<p>The Department of Family Medicine at the Warren Alpert Medical School of Brown University will convene a ‘Think Tank’ of national experts Tuesday, May 21, 2013, to examine how the patient-centered medical home model of health care delivery can best meet the specific needs of adolescent patients. Gov. Lincoln Chafee will offer introductory remarks at the morning event at the school’s medical education building.</p>

PROVIDENCE, R.I. [Brown University] — Teenagers are often in good physical health but they have unique medical needs that must be served through primary care, even though they are often unlikely to seek that attention. To determine the best ways to serve teens in the emerging primary care model of the patient-centered medical home (PCMH), the Department of Family Medicine at the Warren Alpert Medical School of Brown University and Memorial Hospital of Rhode Island will convene a ‘Think Tank’ of national experts Tuesday, May 21, 2013.

“This Think Tank will focus on the central question: How do we build or enhance medical homes to be ideal for adolescents within our existing PCMH and primary care efforts?” said organizer Dr. Joanna Brown, clinical assistant professor of family medicine and practice transformation director of the Brown Primary Care Transformation Initiative. The Department of Family Medicine and the initiative are based at Memorial Hospital in Pawtucket.

At the same time they no longer see doctors routinely, as they did when they were younger, many adolescents also begin to engage in risky behaviors, such as sex or use of controlled substances and tobacco, that can lead to chronic health problems in adulthood. Adolescence is also a time when some mental health issues emerge.

“It is important to address adolescent primary health care needs now in order to improve their current quality of life and to invest in their future,” she said. “We plan to build a conceptual model for creating medical homes for adolescents. Then, we hope to use this model to come up with priorities for building and enhancing medical homes for adolescents in Rhode Island.”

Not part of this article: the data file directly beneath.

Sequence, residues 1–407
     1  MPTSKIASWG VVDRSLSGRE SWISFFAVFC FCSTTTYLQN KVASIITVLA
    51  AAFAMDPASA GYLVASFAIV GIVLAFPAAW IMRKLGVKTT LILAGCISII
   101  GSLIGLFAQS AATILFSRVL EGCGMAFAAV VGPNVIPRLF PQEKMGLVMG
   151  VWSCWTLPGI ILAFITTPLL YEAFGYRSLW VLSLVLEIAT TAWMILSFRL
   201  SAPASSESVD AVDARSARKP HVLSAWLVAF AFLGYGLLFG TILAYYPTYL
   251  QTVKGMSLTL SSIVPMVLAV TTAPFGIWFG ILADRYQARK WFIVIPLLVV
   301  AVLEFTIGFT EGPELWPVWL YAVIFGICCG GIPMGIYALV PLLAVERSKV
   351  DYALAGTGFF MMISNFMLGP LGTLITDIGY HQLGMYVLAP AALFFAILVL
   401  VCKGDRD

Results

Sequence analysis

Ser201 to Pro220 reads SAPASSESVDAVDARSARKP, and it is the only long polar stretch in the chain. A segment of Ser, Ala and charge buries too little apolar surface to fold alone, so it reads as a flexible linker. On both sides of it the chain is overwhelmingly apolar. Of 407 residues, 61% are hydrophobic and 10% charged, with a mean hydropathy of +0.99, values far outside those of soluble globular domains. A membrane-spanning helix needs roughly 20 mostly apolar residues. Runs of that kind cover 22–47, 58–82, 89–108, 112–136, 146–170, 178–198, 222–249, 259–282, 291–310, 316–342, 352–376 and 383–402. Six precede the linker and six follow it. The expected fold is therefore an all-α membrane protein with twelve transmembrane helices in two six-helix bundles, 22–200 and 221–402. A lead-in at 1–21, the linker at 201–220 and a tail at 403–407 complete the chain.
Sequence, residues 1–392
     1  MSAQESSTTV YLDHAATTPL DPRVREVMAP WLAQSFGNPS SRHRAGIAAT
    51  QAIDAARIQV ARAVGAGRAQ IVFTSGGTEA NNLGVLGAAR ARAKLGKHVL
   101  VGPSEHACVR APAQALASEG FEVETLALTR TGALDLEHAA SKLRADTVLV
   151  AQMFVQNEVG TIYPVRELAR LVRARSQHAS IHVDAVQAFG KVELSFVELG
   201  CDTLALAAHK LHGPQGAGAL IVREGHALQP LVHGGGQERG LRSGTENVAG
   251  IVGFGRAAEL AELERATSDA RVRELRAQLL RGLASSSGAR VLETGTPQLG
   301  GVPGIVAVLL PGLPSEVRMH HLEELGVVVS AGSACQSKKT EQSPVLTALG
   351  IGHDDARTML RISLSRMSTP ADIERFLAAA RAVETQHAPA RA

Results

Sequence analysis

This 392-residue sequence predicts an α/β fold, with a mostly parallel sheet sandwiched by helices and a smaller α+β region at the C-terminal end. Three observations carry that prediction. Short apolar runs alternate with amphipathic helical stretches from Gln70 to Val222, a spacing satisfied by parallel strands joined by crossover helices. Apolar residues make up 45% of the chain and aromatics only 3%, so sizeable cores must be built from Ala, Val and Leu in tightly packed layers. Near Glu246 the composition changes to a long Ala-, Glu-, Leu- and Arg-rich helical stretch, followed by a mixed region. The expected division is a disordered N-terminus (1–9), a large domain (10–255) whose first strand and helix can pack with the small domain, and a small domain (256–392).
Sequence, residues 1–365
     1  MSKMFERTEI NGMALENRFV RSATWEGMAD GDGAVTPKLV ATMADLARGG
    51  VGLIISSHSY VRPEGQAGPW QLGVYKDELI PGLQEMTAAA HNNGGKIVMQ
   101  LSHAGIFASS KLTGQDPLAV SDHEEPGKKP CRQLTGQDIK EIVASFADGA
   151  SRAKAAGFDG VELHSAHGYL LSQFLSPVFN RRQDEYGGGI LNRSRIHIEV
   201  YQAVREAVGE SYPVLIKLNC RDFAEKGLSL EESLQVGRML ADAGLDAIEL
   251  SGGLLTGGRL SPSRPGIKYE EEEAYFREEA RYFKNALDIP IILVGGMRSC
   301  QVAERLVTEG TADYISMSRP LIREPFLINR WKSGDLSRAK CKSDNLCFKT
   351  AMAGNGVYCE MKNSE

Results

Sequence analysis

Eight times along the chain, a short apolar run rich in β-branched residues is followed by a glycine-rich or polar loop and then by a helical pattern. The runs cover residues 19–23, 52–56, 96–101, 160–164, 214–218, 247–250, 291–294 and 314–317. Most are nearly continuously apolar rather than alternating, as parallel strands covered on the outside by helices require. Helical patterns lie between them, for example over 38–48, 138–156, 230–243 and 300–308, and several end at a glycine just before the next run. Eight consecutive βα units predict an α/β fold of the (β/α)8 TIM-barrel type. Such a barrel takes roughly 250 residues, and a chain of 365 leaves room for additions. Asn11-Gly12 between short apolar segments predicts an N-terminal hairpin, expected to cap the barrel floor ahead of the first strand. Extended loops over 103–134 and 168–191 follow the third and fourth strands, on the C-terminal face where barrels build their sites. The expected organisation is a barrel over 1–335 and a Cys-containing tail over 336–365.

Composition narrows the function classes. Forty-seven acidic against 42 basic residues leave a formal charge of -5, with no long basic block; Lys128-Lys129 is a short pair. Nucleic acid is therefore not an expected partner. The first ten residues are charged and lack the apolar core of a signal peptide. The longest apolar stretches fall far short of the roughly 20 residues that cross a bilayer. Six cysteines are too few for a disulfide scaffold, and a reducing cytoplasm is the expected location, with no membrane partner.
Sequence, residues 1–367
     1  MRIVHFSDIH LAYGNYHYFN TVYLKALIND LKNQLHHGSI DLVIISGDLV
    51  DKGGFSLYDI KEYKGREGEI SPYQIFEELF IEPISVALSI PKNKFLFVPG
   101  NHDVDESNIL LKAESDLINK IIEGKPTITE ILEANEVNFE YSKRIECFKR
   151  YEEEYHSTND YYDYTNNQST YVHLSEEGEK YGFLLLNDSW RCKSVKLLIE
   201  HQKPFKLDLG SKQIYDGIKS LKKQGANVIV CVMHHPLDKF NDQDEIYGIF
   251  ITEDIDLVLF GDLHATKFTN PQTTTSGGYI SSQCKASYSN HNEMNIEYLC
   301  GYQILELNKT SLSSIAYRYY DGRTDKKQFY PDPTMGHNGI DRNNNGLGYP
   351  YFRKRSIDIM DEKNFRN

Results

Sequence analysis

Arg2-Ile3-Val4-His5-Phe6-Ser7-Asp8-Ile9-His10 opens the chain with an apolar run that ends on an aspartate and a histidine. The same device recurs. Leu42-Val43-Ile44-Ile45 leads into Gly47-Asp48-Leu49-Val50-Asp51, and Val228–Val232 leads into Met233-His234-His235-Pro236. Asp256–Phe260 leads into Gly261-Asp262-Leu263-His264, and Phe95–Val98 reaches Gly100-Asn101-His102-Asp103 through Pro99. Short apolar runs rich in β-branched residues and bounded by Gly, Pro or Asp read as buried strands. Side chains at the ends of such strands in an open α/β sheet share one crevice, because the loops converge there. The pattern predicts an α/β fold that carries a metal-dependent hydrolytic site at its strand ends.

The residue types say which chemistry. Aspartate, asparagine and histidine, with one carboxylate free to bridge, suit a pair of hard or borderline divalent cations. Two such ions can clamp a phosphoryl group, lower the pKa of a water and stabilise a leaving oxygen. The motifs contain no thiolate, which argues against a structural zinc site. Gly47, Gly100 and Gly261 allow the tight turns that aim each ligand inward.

Rhode Island Gov. Lincoln Chafee and Lt. Gov. Elizabeth Roberts will make introductory remarks at the Think Tank, followed by Brown’s dean of medicine and biology, Dr. Edward Wing.

In addition to Gov. Chafee, Lt. Gov. Roberts, Dean Wing, Family Medicine Chair Dr. Jeffrey Borkan, and Dr. Brown, the panel of experts includes:

  • Dr. Shikha Anand, director of strategic alliances and initiatives/Obesity Program director, National Institute Children's Healthcare Quality
  • Joan Asarnow, professor of psychiatry and behavioral sciences, David Geffen School of Medicine, UCLA;
  • Dr. Robert T. Brown, professor of pediatrics, Cooper Medical School of Rowan University and UMDNJ/RWJ Medical School;
  • Dr. Joanne E. Cox, medical director, Children's Hospital of Boston Primary Care Center; Young Parents Program;
  • Dr. Kathryn B. Fessler, medical director, The Corner Health Center;
  • Dr. Patricia Flanagan, chief of clinical affairs/director, Teens With Tots Program; associate professor of pediatrics, Hasbro Children’s Hospital/Alpert Medical School;
  • Kim Freeman, manager, Adolescent Health Initiatives; coordinator, Montefiore Adolescent Primary Care Initiative;
  • Dr. Barbara L. Frankowski, professor of pediatrics, University of Vermont College of Medicine;
  • Dr. Alejandro Jadad, founder/chief innovator, Global eHealth Innovation, University of Toronto;
  • Margaret A. McManus, president, National Alliance to Advance Adolescent Health;
  • Jennifer Salerno, president, Possibilities for Change, LLC;
  • Dr. Charles J. Wibbelsman, chief of adolescent medicine, Kaiser Permanente, San Francisco.

A think tank to develop ideas for ensuring that teens get needed care in the patient-centered medical home model of primary care

Alpert Medical School medical education building
222 Richmond St. in Providence

8 a.m. - 1 p.m., Tuesday, May 21, 2013

Joanna Brown: 401-258-1283 or by e-mail at [email protected]
Reporters are encouraged to attend.